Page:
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Painkilling Drugs and Constipation: How to Solve the Dilemma

Down the Rabbit Hole

In Wonderland, Alice drinks from a bottle labeled with the instruction, “Drink me.” When she takes a drink, she shrinks to less than one foot tall. Later she finds a cake with the words “Eat me,” spelled out in currants. When she eats the cake, she grows to a height of more than nine feet.

You have to wonder if the bizarre details of Lewis Carroll’s story might be based on personal experience. During Carroll’s day, the standard painkiller was laudanum, a tincture of opium. And opiate painkillers often prompt the side effect of constipation, which would require another treatment, which would prompt another side effect, and another treatment, and another side effect and so on, down the rabbit hole.

Things haven’t changed much in the 143 years since Alice’s adventures were first published.

I recently came across details about an upcoming clinical study of constipation caused by opiate-based pain medications. I wouldn’t judge anyone who carefully uses a drug to relieve pain that’s truly chronic. But before adding more drugs to counteract the side effects of painkillers you should know that there are some very effective, non-drug treatments that safely alleviate constipation and other bowel dysfunctions.

Silly wabbit

The new study is called OPAL (Opioid-Induced Bowel Dysfunction Pivotal Assessment of Lubiprostone). See, it’s not really a constipation study, it’s a drug study that will assess lubiprostone – a drug that increases intestinal fluid and relieves constipation. Primary side effects include diarrhea (who saw THAT coming?), nausea, abdominal pain, and sinusitis.

Sinusitis? Your doctor might prescribe an antibiotic for that, along with a common over- the-counter drug to control mucus. And while you’re at it, you might want to take some Imodium for the diarrhea. And so on, down the rabbit hole.

When I asked HSI Panelist Allan Spreen, M.D., for an alternative to the madness of lining a medicine cabinet with drugs to treat painkiller side effects, he said he would start with probiotics, “due to my conviction that the painkillers disrupt normal gut flora. Such a start should always be accompanied by prebiotics (FOS, or Fructo-Oligo-Saccharides) to assure the bugs set up well.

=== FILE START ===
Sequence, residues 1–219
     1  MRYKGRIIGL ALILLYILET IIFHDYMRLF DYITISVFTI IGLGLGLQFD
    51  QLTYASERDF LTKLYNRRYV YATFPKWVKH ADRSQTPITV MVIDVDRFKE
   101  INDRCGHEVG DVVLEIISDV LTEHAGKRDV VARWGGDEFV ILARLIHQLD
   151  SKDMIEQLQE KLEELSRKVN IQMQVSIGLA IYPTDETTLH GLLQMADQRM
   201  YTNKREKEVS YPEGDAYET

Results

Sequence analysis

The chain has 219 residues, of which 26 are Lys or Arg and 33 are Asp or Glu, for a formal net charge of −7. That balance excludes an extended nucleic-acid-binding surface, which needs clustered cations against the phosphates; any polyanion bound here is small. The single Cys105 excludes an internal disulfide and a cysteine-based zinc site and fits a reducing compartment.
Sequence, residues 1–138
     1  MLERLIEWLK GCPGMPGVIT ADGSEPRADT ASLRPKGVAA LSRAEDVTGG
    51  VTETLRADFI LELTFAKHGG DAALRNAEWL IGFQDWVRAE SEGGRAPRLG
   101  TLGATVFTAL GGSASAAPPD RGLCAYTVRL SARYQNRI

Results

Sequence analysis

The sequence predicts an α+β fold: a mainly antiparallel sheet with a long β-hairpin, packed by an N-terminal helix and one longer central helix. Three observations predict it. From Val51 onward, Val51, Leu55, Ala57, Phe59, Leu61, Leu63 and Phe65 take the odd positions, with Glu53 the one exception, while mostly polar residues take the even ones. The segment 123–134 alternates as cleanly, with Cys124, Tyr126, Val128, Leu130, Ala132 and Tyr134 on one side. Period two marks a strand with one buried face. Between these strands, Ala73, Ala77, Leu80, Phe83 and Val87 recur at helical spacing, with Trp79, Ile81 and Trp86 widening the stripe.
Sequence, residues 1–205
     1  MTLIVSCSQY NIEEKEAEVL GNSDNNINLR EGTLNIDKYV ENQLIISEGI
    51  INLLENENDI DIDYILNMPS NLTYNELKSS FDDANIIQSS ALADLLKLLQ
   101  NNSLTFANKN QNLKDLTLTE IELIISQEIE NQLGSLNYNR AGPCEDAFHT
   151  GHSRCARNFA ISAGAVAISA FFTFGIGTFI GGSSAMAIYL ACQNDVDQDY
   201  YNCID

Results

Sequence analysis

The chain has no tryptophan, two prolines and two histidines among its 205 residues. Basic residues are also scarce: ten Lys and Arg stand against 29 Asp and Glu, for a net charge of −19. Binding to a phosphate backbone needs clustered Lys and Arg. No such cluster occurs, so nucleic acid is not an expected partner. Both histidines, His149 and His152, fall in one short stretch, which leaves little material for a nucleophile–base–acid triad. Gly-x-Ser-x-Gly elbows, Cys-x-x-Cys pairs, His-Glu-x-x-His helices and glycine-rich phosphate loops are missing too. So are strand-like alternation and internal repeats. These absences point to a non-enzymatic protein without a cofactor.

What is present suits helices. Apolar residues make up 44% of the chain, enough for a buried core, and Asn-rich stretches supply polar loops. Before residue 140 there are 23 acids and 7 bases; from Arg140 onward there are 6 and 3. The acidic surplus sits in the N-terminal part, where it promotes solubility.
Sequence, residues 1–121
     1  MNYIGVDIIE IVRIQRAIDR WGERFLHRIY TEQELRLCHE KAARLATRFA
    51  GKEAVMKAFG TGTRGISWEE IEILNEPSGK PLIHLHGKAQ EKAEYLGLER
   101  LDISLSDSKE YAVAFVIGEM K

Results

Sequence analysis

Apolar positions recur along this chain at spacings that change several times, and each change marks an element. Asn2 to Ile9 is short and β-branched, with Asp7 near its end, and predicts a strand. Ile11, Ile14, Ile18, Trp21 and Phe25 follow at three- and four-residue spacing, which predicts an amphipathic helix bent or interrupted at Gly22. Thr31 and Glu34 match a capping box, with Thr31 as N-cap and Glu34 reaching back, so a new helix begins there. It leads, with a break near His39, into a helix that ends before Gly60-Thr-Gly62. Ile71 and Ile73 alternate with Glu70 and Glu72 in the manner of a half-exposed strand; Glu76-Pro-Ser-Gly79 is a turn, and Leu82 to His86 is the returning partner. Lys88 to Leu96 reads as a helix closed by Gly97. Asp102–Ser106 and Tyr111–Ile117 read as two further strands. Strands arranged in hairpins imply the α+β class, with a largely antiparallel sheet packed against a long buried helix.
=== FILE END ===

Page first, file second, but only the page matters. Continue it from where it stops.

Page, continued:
“However, I doubt that alone will be enough (though others I’ve read think so). After that challenge I’d add both soluble and insoluble fiber (Benefiber is the most common of the former, psyllium is the most common of the latter), along with plenty of good water.

“At some point, bowel tolerance vitamin C probably should be done as a clean-out, but it really can take a lot (4-8 grams/hour, in some cases), and I don’t think I’d use that as a standard ‘loosen-upper’.

“‘Pain-killer constipation’ – don’t we have a sorry state of affairs! Except for the morphine-induced type for terminal patients it sure shouldn’t be common enough for a big study. Wellunless you wanted to sell more drugs.”

Gut check

A number of previous e-Alerts have featured the importance of probiotic organisms.

In a healthy individual, these beneficial bacteria inhabit the digestive tract in huge numbers, balancing out harmful bacteria, aiding digestion, and supporting immune function. This healthy gut flora can usually be maintained with sufficient dietary sources such as yogurt and kefir (only products that contain “living cultures”), and lignans (such as flaxseed), carrots, spinach, cauliflower, broccoli, millet, and buckwheat.

But the gut flora ecosystem can be easily disrupted by poor nutrition, stress, surgery, parasitic infestation, and drugs – including painkillers. This opens the door for the proliferation of harmful bacteria, which prompts bowel dysfunction.

The digestive tract can be recolonized by introducing enough good bacteria to overpower bad bacteria, but dietary sources alone can’t provide organisms in the vast numbers required to correct an imbalance. That job usually requires a high-potency probiotic nutritional supplement. You can find detailed information about two HSI-recommended probiotic products in the e-Alert “Send in the Pro” (8/17/06).

A PREbiotic is a carbohydrate that nourishes the growth and activity of probiotics. FOS comes from inulin, a fiber carbohydrate, and can be found in dietary supplement stores and through various sources online.

Dr. Spreen also recommends that aloe juice be taken with probiotics. Aloe has a long history of calming bowel problems.